5. It is conceded before us that inasmuch as Musammat Sarawan Dulaiya was a minor at the time and had not been properly represented, the award as an award is not binding on her, but both the courts below have come to the conclusion that this transaction was really in the nature of a family settlement and, as such, was binding on all the members of the family, even though some of them were minors at the time. About the year 1902 Musammat Sarawan Dulaiya and the other widow applied to the Revenue Court for mutation of names in respect of the share in village Patora. The passage in the judgment of the first court shows that the names of Sarawan Dulaiya as well as Damodar Das were recorded jointly and Damodar Das was described as a minor under the sarparasti or management of Sarawan Dulaiya. In the village Lalitpur, the defendants did not obtain possession till after the year 1910, and that was under a will left by Janki Prasad.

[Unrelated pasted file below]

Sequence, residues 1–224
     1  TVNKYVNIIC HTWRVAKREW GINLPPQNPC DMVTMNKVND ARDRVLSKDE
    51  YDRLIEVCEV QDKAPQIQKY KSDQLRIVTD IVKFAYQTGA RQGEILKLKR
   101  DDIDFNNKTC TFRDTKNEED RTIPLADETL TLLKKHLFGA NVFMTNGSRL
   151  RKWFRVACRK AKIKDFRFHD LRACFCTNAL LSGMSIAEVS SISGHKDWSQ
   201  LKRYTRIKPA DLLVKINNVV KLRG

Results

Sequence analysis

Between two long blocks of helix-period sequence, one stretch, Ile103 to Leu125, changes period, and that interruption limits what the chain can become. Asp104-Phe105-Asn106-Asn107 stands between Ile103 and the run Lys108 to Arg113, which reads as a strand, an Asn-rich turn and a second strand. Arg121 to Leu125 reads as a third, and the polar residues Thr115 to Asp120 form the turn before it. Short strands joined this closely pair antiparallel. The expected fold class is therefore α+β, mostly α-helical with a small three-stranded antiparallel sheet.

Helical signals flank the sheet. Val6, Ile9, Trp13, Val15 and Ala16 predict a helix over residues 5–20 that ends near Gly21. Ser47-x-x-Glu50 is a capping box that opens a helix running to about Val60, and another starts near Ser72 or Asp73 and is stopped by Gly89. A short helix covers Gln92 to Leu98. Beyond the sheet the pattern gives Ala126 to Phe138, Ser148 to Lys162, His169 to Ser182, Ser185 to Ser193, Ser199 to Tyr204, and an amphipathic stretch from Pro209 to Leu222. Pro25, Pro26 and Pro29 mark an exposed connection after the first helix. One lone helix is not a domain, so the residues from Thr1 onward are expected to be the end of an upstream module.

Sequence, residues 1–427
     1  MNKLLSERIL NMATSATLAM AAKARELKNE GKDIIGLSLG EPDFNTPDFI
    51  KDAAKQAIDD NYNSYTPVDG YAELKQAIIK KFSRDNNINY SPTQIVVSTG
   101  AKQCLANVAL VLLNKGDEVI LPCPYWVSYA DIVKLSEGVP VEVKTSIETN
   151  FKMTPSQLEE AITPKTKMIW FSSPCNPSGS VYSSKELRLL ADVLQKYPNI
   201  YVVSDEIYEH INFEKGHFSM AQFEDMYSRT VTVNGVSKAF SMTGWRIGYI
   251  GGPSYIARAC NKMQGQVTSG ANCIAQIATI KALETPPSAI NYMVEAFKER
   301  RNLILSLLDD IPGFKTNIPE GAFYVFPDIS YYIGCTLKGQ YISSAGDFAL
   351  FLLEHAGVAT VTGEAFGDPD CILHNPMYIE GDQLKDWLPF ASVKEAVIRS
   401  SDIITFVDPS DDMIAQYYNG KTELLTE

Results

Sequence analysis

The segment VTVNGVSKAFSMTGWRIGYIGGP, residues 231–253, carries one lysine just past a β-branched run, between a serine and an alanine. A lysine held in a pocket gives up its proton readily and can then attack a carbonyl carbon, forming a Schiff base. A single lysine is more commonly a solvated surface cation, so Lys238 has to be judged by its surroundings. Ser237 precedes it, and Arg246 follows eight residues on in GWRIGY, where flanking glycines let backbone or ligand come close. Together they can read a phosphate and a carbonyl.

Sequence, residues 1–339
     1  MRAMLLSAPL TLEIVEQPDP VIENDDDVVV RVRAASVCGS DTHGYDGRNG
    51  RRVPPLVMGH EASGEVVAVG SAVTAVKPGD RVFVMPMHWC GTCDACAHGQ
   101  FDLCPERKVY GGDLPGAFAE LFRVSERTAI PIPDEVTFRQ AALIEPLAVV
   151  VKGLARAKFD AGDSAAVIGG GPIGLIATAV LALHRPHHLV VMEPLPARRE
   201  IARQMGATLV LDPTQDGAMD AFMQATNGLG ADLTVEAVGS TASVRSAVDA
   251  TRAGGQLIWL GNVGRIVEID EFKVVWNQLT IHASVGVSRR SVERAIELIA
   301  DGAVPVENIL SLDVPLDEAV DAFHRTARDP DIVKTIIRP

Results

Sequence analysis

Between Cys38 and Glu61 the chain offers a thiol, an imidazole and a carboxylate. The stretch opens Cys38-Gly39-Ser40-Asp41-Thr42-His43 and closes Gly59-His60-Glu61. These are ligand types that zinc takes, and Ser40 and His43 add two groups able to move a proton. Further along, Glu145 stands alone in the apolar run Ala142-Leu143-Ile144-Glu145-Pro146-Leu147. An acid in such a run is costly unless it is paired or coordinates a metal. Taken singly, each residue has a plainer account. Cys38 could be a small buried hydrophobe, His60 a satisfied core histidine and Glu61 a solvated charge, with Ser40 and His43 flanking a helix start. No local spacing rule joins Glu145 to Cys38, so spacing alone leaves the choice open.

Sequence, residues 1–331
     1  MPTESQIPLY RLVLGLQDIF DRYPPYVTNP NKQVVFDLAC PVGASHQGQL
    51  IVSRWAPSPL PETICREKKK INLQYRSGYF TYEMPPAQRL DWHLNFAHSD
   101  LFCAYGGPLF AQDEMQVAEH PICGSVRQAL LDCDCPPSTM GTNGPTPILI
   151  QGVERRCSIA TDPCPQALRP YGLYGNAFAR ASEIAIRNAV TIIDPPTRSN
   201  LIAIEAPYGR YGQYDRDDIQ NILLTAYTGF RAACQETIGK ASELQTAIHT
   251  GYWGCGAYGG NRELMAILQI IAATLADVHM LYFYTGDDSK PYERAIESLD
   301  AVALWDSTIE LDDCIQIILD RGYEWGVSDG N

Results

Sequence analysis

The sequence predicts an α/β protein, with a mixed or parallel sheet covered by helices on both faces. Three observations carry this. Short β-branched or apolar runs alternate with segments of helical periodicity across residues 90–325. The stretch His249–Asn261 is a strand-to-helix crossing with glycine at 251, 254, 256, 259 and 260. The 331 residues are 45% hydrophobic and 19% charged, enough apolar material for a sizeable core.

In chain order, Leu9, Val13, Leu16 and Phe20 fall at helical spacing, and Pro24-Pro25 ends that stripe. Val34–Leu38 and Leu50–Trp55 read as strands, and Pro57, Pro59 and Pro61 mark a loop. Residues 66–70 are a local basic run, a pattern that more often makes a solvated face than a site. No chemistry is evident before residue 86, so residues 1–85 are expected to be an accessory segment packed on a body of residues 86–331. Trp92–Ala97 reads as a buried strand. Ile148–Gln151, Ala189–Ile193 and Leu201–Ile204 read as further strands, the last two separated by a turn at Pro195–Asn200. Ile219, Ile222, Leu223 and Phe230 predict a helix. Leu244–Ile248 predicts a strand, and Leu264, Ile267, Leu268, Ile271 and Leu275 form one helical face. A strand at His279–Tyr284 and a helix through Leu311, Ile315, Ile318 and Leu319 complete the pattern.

6. In our opinion there can be no doubt that Musammat Sarawan Dulaiya obtained possession of the share in village Patora in pursuance of the arrangement of 1891. In the first place, there is a finding to that effect by the learned District Judge which, in our opinion, cannot now be disturbed. Furthermore, her own conduct in applying to the Revenue Court in the years 1902 and 1904 shows that she was endeavouring to obtain possession of the share given to her by the award. We are of opinion that so long as she was alive, her possession, therefore, in the circumstances cannot be deemed to have been adverse to the other members of the family. The finding of the learned District Judge is clearly to the effect that she obtained possession in pursuance of the arrangement arrived at between the various members of the family in the year 1891. It is true that her name was not actually recorded till long after 1891, but that may be explained by the circumstance that she had not attained majority till about the year 1900.
7. On the question of limitation the learned advocate for the appellant first of all contended that the claim was barred by the 3 years rule as contained in Article 113 of the Limitation Act and he relied on the case of Talewar Singh v. Bahori Singh (1904) I.L.R. 26 All. 497. In our opinion Article 113 has no application whatsoever to the case. This is not a claim for the specific performance of any contract and that article is inapplicable.